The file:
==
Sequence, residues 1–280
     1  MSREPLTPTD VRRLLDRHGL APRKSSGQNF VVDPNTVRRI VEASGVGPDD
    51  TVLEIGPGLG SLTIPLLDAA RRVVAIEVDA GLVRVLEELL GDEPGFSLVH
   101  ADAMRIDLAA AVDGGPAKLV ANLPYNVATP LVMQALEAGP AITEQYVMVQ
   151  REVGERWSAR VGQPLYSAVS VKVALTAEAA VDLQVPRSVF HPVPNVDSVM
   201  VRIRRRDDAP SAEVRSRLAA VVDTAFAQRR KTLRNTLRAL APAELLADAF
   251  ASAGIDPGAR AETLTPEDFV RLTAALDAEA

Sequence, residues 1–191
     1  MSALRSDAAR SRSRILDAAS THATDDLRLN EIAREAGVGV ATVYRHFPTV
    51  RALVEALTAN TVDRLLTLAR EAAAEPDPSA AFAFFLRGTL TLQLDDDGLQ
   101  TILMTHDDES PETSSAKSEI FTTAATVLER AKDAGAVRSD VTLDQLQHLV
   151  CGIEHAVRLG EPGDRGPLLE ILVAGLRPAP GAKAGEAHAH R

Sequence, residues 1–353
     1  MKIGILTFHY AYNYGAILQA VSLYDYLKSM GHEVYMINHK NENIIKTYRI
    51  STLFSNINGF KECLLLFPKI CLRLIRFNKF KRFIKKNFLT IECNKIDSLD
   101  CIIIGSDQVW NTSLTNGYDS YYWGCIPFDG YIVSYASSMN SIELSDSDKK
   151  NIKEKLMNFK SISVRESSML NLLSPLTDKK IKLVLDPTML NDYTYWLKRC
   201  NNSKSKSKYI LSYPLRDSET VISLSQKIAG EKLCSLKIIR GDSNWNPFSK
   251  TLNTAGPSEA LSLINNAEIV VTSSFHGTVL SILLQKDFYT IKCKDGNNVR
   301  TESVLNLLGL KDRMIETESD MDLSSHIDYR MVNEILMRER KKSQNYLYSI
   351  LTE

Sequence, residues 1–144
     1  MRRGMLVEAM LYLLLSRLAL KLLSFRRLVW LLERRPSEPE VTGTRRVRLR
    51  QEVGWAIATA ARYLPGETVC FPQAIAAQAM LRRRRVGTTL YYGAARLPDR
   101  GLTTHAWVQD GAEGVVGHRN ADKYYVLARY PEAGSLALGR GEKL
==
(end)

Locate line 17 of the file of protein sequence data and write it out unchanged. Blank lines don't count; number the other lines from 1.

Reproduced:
   151  NIKEKLMNFK SISVRESSML NLLSPLTDKK IKLVLDPTML NDYTYWLKRC